Ian Bell ton gives England the upper hand in Antigua

West Indies made to toil after early wickets as Bell, Joe Root and Ben Stokes turn screw

Two teams, one of them, England, down on their uppers these past six months or so and under intense scrutiny and the other labelled mediocre by the ECB chairman-elect, Colin Graves, contrived to produce an enthralling opening day to their three-Test series. It was not so much cut and thrust as cat and mouse for the first part, attritional cricket where for both teams patience was a virtue and paid its dividend.

If West Indies had the upper hand during an intense morning session when, against any expectation, they put England in and removed the top three to leave the innings at 34 for three and potentially in tatters, then Ian Bell and Joe Root with a fourth-wicket stand of 177, a partnership of great maturity, had more than redressed the balance.

Later, as the West Indian discipline dissipated and the bowling became ragged, Ben Stokes added impetus at the right time, making 71 not out from 81 balls and sharing in a fifth-wicket stand of 130 with Bell, the pair flaying the second new ball in the process. Root, badly dropped at midwicket when 61, was finally dismissed in the final session for 83 but Bell completed the 22nd hundred of his career and his first abroad in 23 Tests to make 143, from 256 balls with 20 fours and a six, before a terrific delivery from Kemar Roach that bounced and left him had him caught behind in the penultimate over. He now stands alongside Geoff Boycott, Walter Hammond and Colin Cowdrey among England Test centurions, behind only Kevin Pietersen and beyond that Alastair Cook. England finished on 341 for five.

The rationale behind the West Indies decision to bowl first, something their illustrious predecessors did as a matter of course, was not entirely clear. Certainly it cannot have been based on any notions that the pitch, prepared under the tutelage of Andy Roberts just as the old belter at the Antigua Recreation Ground once was, would break up as the game progressed.


Phil Simmons, the new coach, and Curtly Ambrose – bowling mentor might describe his role – are shrewd cricketers, though, and in Cook and Trott they would have recognised a pair of batsmen with much to prove. So it was a good idea to get stuck in from the word go.

The opening session of the first Test of a series is always a nervy time but it was West Indies who came out of the traps the stronger. Ambrose, one of the most relentlessly accurate pace bowlers of them all, has seen too much profligacy in recent years from West Indies bowlers and has preached the gospel of bowling to a plan, concentrating and sticking with it. So all morning all three seamers, Jerome Taylor, Roach and Jason Holder, pursued a line outside off stump, to an immaculate length and well-set fields, offering no respite or chance to break out, inviting only risk. Trott received an excellent delivery from Taylor three balls into his return to Test cricket and was caught at first slip, but it is hard to draw much conclusion from that: it is the sort of thing that can happen with a new ball.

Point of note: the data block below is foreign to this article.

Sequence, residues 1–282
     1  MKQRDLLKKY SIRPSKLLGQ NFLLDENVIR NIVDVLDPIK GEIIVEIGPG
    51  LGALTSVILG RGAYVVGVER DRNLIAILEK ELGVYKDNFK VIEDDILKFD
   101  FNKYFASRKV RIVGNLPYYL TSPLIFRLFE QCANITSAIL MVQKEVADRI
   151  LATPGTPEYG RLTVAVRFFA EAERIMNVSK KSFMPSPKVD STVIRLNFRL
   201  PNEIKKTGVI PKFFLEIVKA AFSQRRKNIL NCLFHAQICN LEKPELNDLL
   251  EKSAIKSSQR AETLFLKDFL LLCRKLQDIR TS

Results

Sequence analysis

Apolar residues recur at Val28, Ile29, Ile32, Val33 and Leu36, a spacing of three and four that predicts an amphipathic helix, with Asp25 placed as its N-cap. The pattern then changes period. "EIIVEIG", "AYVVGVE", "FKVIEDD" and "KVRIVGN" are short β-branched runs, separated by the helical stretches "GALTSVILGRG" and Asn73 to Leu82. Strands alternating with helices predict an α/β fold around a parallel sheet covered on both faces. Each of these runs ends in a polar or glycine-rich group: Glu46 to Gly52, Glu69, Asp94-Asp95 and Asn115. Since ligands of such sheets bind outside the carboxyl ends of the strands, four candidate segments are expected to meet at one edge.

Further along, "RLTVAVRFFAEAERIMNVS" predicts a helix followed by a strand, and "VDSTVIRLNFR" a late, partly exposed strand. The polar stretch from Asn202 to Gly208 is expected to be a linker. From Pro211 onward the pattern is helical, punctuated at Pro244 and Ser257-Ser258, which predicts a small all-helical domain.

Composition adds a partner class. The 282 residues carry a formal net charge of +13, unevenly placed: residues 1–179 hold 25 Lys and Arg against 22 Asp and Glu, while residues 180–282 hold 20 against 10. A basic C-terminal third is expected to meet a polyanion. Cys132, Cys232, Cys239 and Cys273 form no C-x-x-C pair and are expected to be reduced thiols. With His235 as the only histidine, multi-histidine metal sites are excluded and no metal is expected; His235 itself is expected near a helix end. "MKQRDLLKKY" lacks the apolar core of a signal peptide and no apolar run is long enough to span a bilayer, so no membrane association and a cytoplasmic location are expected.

Cook was then comprehensively bowled by Roach, with a hint of inside edge as he played a fraction away from his body – with the bowler indicating it was part of the West Indies strategy. “Obviously we have our team plans because Alastair Cook has a weakness – everyone knows that - we just have to execute it as much as possible,” said Roach. “Today our plan worked.”

Soon after Gary Ballance, battling hard to make any impression, finally lost patience, drove loosely at a wide half-volley from Holder, around the wicket to the left-hander, and also edged to first slip. It was left to Bell and Root to battle their way through to lunch, the first session producing only 49 runs.

But the afternoon brought change. There was a stiff breeze blowing across the ground, bringing with it the smell of jerk pork from the concession tent, and it may have helped the seamers first thing. Now, though, the ball was older and already had lost its hardness. West Indies began to search for reverse swing and Sulieman Benn wheeled away, first from one end and then the other, as Denesh Ramdin juggled his attack seeking a further breakthrough. Some of the discipline had gone, though, with overpitching as they looked for the reverse swing but all too often going short, sufficiently so for both Bell and Root to pull through midwicket. The former in particular cut characteristically, especially the left-arm spin of Benn whom he cuffed away as might an old-time Bobby seeing off an apple scrumper with a clip round the ear'ole.

The runs began to flow. Where there were only three boundaries in the morning session, the pair found the ropes consistently after the interval. Bell, whose judgment outside off stump had been impeccable with the bounce sufficiently good to be able to leave the ball on length as well as direction, was able to reach a half-century from 96 balls with his ninth boundary, pulled through midwicket. Thus the hundred partnership came up in a shade under two hours’ batting.

It had been a textbook exhibition of Test-match batting in which a batsman first establishes himself, gauging the pace of the pitch, and prospers later. It was chanceless almost until the end.